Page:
Valentinos Tzekas, is a 20 year-old student born in Larissa, but already a serial entrepreneur. After an early success with the social network ‘’Near’’ he has developed an algorithm to fight fake news…
TDP: What is considered truth according to FightHoax.com?
Valentinos Tzekas: True for our algorithm is what independent, non-for-profit news sources like Associated Press have fact-checked and already covered. Also, we are considering truth, what independent fact-checking organizations like Politifact, Snopes and others have fact-checked.
TDP: How does FightHoax work?
VT: First of all, FightHoax analyses the history and reputation of the website which hosts a given news article: Is the website known for posting a lot of fake news like abcnews.com.co, is the website known for posting consecutively trusted articles like the Associated Press or something more in the middle like Fox News or Daily Mail? Then, FightHoax analyses the author of the article and his history. Is it a well known with a reputable past in respected news outlets, is it someone who is a university teacher or someone with no active past in the news industry?
At last and more importantly, the article is analyzed. From the language used to the facts stated, we compare every tiny aspect of the article with more trusted articles on the same topic. FightHoax reads and understands the article like a human. At the same time, we scan the whole web, like a database, in seconds. Do the other articles on the same event, have important differences? Has the article enough information for us to compare? Is the language quality good? Is the syntactic similarity high but not the semantic one?
These are the 3 main pillars of FightHoax’s algorithm. After having analyzed hundreds and hundreds of articles, each variable has almost the perfect mathematical weight.
TDP: What is your vision for FightHoax after the beta period? Who you aim to be the ultimate users?
VT: My long-term vision is to help the everyday people. As I said before: “Right now, if you think about it, politicians and journalists have the “power of truth”. My mission is to give normal people the power of truth—make them more powerful without the need of having journalistic skills.”
TDP: How big is the threat of fake news? Do you believe European governments are exaggerating the risks?
VT: Fact checking articles are exploding, people got misguided in both US and French elections, Macedonian teenager quit college to focus on writing false news so he can earn more than both of his parents, 42% of people said that they don’t trust news on Facebook because “it hasn’t done a good job of curbing fake news.” Germany approved a plan to fine social media companies up to 50 million Euros, every single day, if they fail to remove fake news posts. Yet, Facebook and Google are trying to solve the mass misinformation issue with just one more report button. I do believe that the very next months, we are going to be hit by the next wave of misinformation. We have to be prepared.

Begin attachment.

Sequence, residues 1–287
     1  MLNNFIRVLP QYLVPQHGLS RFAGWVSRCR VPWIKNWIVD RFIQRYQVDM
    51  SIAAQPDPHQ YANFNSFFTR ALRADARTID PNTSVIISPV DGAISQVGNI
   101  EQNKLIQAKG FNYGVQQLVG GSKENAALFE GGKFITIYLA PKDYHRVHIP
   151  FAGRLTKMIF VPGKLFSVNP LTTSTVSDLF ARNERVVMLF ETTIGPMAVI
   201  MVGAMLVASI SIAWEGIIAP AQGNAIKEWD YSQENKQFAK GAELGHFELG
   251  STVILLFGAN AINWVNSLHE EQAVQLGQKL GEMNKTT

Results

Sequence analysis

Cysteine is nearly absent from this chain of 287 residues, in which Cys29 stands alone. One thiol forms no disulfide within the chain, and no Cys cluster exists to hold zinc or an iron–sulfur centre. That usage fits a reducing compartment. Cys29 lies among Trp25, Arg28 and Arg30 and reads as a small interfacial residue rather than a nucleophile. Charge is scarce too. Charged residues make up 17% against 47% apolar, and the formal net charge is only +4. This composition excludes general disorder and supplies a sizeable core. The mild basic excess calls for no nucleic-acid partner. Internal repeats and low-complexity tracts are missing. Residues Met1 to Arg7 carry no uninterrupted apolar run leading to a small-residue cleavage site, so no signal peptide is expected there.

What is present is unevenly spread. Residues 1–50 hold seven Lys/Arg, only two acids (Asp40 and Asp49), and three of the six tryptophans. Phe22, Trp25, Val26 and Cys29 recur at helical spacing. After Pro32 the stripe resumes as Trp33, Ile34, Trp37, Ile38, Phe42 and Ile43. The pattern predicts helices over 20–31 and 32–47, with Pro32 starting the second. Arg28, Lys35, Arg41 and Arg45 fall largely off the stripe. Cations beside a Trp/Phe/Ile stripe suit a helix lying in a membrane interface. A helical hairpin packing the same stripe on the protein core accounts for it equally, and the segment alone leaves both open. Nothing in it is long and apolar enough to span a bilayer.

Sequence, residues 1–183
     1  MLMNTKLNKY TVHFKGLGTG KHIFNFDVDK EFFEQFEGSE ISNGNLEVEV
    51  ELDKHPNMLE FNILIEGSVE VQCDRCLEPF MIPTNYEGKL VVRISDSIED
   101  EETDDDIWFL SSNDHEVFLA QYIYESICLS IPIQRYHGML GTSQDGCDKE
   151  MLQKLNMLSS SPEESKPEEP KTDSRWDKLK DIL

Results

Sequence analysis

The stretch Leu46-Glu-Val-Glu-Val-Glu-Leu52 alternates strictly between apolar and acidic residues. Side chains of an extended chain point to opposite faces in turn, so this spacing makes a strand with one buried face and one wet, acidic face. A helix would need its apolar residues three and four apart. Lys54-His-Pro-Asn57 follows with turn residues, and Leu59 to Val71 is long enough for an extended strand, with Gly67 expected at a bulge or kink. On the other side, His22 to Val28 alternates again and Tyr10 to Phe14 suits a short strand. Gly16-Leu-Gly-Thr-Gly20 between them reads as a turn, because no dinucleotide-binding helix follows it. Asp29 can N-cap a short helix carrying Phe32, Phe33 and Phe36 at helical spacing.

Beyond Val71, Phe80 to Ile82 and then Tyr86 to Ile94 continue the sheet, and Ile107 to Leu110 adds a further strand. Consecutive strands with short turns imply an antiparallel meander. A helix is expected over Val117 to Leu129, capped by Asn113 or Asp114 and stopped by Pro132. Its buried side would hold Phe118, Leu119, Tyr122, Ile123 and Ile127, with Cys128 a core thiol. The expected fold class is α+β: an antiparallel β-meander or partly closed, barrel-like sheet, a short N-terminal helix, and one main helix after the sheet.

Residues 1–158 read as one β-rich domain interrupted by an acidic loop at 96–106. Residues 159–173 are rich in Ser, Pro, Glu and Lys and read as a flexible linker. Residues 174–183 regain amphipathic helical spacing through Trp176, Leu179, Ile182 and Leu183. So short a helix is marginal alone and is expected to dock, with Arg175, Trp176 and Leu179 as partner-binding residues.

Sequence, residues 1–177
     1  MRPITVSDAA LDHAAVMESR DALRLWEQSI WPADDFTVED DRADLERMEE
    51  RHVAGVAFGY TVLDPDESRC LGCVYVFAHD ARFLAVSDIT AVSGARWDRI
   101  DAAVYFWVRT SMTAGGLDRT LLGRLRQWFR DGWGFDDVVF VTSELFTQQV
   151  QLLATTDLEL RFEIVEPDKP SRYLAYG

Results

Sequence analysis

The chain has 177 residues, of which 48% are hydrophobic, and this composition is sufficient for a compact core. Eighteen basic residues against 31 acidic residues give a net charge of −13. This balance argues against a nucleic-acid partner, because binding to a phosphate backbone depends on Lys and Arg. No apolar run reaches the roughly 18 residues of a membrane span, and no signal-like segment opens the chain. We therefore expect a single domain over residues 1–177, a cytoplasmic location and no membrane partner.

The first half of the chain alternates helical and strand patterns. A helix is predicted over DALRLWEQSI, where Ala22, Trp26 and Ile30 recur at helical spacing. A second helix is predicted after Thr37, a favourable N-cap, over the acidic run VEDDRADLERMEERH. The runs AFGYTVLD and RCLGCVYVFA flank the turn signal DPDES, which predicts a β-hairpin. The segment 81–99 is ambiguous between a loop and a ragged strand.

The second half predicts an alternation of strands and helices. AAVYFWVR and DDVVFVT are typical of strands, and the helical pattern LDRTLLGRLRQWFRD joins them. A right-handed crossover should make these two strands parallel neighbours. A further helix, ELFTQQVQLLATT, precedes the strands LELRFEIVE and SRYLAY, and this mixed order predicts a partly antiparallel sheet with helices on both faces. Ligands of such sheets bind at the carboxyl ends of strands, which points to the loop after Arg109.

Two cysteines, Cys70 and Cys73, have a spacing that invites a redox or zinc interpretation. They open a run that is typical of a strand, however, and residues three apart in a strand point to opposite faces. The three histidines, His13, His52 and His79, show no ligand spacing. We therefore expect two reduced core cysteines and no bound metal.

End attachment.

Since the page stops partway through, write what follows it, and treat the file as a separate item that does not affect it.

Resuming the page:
TDP: Do you think there is a risk that government efforts to tackle fake news be could come in contradiction with the respect of freedom of expression on the internet? And, more importantly, do you think that it is possible to counter the phenomenon through legislation?
VT: I do believe that we need a human level solution. Legislations and high tech are not going to fix the problem. We need media literacy platforms and initiatives.
This is why, we are trying to tackle the fake news problem on a human level by exposing every angle of any news story, in seconds. We do not need truth-or-not machines. Critical thinking and quality news consumption skills is a must skill-set for every 2.0 citizen.
TDP: What kind of challenges do you think that a young entrepreneur in Greece faces compared to other EU peers?
VT: I think that in Greece we have lost our hope. We have become miserable and this is much worse than being poor. When I was 18, I shared some of my thoughts with Forbes. You can read them, here. I still believe and support the same as a serial entrepreneur acting in Greece. Sooner or later, I will move my business and my life, abroad.
Photo credits by: Bank Phrom
The Digital Post talks with President of the International Olympiad in Informatics Krassimir Manev about the first European Junior Olympiads in Informatics, taking place in Sofia from 7 to 13 September 2017. His recipe to fix Europe’s digital skills gap: Regular teaching of Informatics and Information Technologies from the first to very last year of school education.
The Digital Post: The first European Junior Olympiads in Informatics are opening today. How the will it work?
Prof. Krassimir Manev: International Olympiads in Informatics are not new. Back in 1989, Bulgaria organized the first international contest for school students – the International Olympiad in Informatics (IOI). In 2007, Serbia hosted the first Olympiad in Informatics for students aged 15,5 in the middle of the year of the contest – the Junior Balkan Olympiad in Informatics (JBOI) – it is a small contest and is not organized every year.
The event that is starting today – the first European Junior Olympiad in Informatics eJOI (http://ejoi.org/) gathers students of the abovementioned age from 22 Council of Europe member countries – more than the number of countries that took part in the first IOI. Among them are four of the first five countries in the eternal ranking of IOI (Russia, Poland, Romania and Bulgaria). We expect to have a very interesting and unpredictable competition of the best European young programmers. And we are also confident that eJOI will soon become one of the most successful events in the area of competitive programming and the results of the contestants from Europe will improve.
The Digital Post: What is its main purpose of the initiative?